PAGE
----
"From the united confiderations of religion and conftitutional policy, from their opinion of a duty to make a fure provifion for the confolation of the feeble, and the instruction of the ignorant, they have incorporated and identified the eftate of the church with the mafs of private property, of which the ftate is not the proprietor, either for ufe or dominion, but the guardian only, and the regulator. They have ordained, that the pro


Divifion of the people into

clergy and laity.

vifion of this establishment might be as stable as the earth on which it ftands, and fhould not fluctuate with the Euripus of funds and actions."

I have now, I hope, adduced fufficient reafons and arguments to convince my readers, that every community is fully competent to make a civil establishment of that religion, which the majority of the community fhall find it their duty to adopt and follow; and confequently, that our prefent church establishment forms an effential part of the Englifh conftitution: and from hence arises the firft conftitutional divifion of the community, or people, into clergy and laity, whose several and respective rights and duties in the state, I shall hereafter explicitly fet forth.

Had I inferred the truth of our religion from its civil establishment, the deifts might have treated the argument with that levity which Mr. Chandler advises; but a deift of common fenfe might perceive, that I appealed to the laws of our establishment, not for the conviction of his understanding, but the correction of his infolence. Where the truth of the Chriftian religion was the quef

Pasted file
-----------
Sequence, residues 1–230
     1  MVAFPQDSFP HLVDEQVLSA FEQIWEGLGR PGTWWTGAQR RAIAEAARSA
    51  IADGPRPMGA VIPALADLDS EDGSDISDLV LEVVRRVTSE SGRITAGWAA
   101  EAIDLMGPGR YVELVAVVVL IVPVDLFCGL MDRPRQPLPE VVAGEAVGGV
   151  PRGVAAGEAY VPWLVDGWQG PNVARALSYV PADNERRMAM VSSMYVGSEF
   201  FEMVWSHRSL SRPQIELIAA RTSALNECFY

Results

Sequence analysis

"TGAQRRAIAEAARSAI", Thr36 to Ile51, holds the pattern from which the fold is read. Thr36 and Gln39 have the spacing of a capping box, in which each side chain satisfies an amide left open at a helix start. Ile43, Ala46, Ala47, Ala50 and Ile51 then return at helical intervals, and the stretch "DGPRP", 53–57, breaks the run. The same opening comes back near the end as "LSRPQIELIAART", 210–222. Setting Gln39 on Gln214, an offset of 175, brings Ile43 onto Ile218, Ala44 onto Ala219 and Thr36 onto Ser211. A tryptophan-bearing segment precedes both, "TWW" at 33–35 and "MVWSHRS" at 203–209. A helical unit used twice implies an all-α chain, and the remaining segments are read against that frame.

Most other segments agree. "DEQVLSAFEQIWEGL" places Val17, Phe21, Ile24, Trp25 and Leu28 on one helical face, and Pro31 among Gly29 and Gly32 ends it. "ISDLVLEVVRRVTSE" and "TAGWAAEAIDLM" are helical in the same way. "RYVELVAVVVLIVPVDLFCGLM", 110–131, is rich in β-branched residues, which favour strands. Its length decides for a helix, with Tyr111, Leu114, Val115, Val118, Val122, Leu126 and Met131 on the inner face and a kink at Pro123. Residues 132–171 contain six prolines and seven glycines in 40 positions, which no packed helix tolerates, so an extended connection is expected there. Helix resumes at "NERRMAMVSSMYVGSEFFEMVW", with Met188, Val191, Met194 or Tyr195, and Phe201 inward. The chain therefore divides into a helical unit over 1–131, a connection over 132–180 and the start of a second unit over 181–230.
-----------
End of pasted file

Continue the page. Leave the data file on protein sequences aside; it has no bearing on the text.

* Rogers's Vindication of the Civil Etablishment of Religion, fect. i. p. 191.

tion before me, I used other arguments; but when a private fubject took upon him publicly to oppose the right of the legislator to enact any fuch law, to reprefent this power as unjust and tyrannical, and under these characters to diffuade all fubmiffion to it, these I think actions inconfiftent with the obligations of a subject, and that the execution of our laws may justly be called for in restraint of them. The truth of a religion depends on its proper grounds. If it was falfe before it was established, the establishment will not make it true; and he, who from the evidence of the thing is convinced it is false, cannot upon any authority believe it


From what has been said in this and the foregoing chapter, I hope it will fufficiently appear, that the fanction, which the laws give to the establishment of the church of England throughout England, and to prefbytery throughout Scotland, is in its tendency and effects merely of a civil nature; confequently, that the obligation of fubmitting to it, is the very fame as the obligation of fubmitting to any other civil law whatever. Now, every external and public difavowal of, or oppofition to the civil exactions of the legif

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Civil establishgion of the fame other civil law.

ment of reli

force as any